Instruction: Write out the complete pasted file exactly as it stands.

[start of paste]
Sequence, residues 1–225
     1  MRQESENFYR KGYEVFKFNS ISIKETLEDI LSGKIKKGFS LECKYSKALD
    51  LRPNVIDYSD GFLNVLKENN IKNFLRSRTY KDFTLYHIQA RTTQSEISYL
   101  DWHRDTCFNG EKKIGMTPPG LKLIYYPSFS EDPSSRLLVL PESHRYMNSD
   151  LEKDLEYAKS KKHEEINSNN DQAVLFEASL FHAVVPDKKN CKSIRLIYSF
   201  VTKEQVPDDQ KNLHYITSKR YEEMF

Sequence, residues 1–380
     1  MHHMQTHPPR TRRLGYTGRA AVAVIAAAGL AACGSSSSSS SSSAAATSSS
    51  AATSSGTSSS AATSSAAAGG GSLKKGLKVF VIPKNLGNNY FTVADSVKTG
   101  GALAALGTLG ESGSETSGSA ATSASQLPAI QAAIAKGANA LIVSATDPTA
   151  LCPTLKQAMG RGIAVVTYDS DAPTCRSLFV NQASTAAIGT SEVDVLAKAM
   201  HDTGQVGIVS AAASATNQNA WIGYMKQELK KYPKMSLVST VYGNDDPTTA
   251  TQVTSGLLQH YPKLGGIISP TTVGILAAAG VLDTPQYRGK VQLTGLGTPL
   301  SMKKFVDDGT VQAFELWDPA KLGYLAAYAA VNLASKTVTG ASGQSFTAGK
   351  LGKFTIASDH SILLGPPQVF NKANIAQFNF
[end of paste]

Sequence, residues 1–225
     1  MRQESENFYR KGYEVFKFNS ISIKETLEDI LSGKIKKGFS LECKYSKALD
    51  LRPNVIDYSD GFLNVLKENN IKNFLRSRTY KDFTLYHIQA RTTQSEISYL
   101  DWHRDTCFNG EKKIGMTPPG LKLIYYPSFS EDPSSRLLVL PESHRYMNSD
   151  LEKDLEYAKS KKHEEINSNN DQAVLFEASL FHAVVPDKKN CKSIRLIYSF
   201  VTKEQVPDDQ KNLHYITSKR YEEMF

Sequence, residues 1–380
     1  MHHMQTHPPR TRRLGYTGRA AVAVIAAAGL AACGSSSSSS SSSAAATSSS
    51  AATSSGTSSS AATSSAAAGG GSLKKGLKVF VIPKNLGNNY FTVADSVKTG
   101  GALAALGTLG ESGSETSGSA ATSASQLPAI QAAIAKGANA LIVSATDPTA
   151  LCPTLKQAMG RGIAVVTYDS DAPTCRSLFV NQASTAAIGT SEVDVLAKAM
   201  HDTGQVGIVS AAASATNQNA WIGYMKQELK KYPKMSLVST VYGNDDPTTA
   251  TQVTSGLLQH YPKLGGIISP TTVGILAAAG VLDTPQYRGK VQLTGLGTPL
   301  SMKKFVDDGT VQAFELWDPA KLGYLAAYAA VNLASKTVTG ASGQSFTAGK
   351  LGKFTIASDH SILLGPPQVF NKANIAQFNF